Previously, I had mostly participated in sporadic, often irrelevant, drip-fed professional development which merely served to maintain the status quo. I had little agency over my own learning and honestly, did little to remedy this. Discovering a community of incredible educators online was a watershed moment. Isolated no more, the floodgates opened. The previous drip of professional development turned to a flood of ideas, information and inspiration. I have been able to surround myself with a group of educators who are far better at my job that I am. I will be forever grateful for their impact on my teaching.
One of the biggest changes I made this year was “going gradeless”. Getting rid of grades was one of the easiest decisions I’ve made in the classroom. It just made sense to me. Replacing those grades with genuine student voice, authentic assessment, quality feedback etc. has been the biggest challenge of my career. In lieu of grades, we co-designed learning, developed real collaboration skills, began to self and peer-assess, and experimented with various types of technology and processes aimed at increasing workflow and feedback.
For the final three terms, I didn’t give a single grade. We assessed learning constantly, but grades just weren’t part of our equation. However, our school is mandated to report an A-E letter grade twice a year, so on our final report cards, students self-reported their grade and effort rating in a range of subjects based on portfolios of evidence they had assembled during the semester. In English, Lynton only spent about 30 minutes compiling his work samples, because his proof of growth and achievement was undeniable.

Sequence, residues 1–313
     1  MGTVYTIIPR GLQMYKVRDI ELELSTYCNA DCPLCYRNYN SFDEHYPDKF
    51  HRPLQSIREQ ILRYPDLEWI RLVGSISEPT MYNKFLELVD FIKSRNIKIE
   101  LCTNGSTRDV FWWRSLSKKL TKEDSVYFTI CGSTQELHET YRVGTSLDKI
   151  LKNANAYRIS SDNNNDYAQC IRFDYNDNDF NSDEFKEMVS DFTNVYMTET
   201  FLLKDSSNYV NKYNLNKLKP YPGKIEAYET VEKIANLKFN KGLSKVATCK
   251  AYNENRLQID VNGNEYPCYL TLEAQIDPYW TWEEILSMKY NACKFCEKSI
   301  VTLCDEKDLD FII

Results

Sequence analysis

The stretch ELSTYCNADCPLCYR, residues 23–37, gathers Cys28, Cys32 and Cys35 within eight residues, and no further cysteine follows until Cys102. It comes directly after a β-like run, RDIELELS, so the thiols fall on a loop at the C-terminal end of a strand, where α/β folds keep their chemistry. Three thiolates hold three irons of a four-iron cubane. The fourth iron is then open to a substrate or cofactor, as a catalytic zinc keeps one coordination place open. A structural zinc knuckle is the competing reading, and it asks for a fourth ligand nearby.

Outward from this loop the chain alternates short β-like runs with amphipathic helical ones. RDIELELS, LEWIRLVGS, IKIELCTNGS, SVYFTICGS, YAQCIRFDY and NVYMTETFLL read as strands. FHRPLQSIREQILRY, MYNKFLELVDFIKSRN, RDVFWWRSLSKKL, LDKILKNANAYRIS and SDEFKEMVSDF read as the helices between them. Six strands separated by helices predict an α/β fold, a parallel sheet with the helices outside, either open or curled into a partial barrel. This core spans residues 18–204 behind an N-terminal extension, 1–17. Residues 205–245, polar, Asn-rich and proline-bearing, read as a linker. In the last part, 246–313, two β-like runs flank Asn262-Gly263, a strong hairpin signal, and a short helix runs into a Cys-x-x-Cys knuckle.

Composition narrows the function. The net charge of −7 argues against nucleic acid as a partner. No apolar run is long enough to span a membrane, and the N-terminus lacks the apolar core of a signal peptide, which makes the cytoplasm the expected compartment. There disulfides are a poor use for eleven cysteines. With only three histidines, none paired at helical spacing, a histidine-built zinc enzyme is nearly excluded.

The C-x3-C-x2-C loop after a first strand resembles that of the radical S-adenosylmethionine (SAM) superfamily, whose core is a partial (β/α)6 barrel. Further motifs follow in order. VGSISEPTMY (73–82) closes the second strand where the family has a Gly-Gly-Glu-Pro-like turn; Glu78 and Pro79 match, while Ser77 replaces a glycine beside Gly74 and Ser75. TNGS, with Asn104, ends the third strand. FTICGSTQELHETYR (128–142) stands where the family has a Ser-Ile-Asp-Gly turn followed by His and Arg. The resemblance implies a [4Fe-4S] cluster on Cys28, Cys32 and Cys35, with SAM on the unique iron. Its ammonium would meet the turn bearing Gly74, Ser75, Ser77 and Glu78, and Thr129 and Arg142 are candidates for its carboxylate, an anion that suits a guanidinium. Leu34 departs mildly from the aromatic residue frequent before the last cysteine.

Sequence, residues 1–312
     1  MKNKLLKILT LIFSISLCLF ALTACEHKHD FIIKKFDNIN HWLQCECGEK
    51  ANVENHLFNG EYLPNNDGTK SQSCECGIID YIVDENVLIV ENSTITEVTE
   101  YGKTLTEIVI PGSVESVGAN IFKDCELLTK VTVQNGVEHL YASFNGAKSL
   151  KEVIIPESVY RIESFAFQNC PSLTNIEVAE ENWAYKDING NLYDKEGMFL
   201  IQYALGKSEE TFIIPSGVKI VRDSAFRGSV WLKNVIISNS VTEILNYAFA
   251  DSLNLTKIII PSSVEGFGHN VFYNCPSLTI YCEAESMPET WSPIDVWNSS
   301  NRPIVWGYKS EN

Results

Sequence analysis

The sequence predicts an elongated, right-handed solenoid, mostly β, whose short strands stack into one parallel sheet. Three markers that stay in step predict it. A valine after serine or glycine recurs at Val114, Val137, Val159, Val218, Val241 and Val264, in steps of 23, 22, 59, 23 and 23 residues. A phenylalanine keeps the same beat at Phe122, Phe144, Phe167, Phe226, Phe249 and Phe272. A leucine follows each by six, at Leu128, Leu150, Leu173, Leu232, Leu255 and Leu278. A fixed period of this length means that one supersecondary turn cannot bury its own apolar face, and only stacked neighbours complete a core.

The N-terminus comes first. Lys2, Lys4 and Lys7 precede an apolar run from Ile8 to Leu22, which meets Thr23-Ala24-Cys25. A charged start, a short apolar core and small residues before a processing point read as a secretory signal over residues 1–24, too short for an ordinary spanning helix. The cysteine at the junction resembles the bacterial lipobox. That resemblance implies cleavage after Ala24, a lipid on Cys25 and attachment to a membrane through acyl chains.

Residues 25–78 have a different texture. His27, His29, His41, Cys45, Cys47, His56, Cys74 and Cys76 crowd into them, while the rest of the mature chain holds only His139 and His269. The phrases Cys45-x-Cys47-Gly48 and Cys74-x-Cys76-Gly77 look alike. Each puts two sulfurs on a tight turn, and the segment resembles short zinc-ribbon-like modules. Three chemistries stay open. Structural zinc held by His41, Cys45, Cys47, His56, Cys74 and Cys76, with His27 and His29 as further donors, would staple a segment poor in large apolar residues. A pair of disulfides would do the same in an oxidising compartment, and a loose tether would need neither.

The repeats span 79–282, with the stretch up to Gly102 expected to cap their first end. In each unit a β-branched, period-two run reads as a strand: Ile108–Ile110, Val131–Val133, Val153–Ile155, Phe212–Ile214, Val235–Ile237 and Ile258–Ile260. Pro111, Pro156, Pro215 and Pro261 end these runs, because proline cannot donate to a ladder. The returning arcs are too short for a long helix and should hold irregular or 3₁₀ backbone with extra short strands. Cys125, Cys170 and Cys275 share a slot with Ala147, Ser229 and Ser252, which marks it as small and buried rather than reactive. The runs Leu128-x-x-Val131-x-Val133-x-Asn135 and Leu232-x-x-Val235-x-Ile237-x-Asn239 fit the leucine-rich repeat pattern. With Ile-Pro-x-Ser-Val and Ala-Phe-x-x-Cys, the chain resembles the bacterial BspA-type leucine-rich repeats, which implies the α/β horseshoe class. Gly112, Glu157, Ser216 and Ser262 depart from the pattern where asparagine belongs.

Lynton gave himself a B, and he earned it. He used every bit of feedback. Revised. Re-submitted. Over and over. He sought feedback when his work was 30%, and 60% completed, not after he finished He also taught some higher-achieving peers a powerful lesson. A few classmates, who were perennial A and B level achievers, were left scrambling to evidence their grades because, at times, they had phoned-in their learning. These students fed their illusion with the knowledge that, after seven years of playing the game of school, they knew the rules and knew how to succeed. When the game changed, guess who they turned to for help. Yep, Lynton.
It became clear as Lynton was writing that this was a compelling story. A lesson that I wish I had learned far earlier in my career. Judging from the reaction online, his writing has also resonated with many others. Pretty good for a kid who is bad at English. Thanks for reading.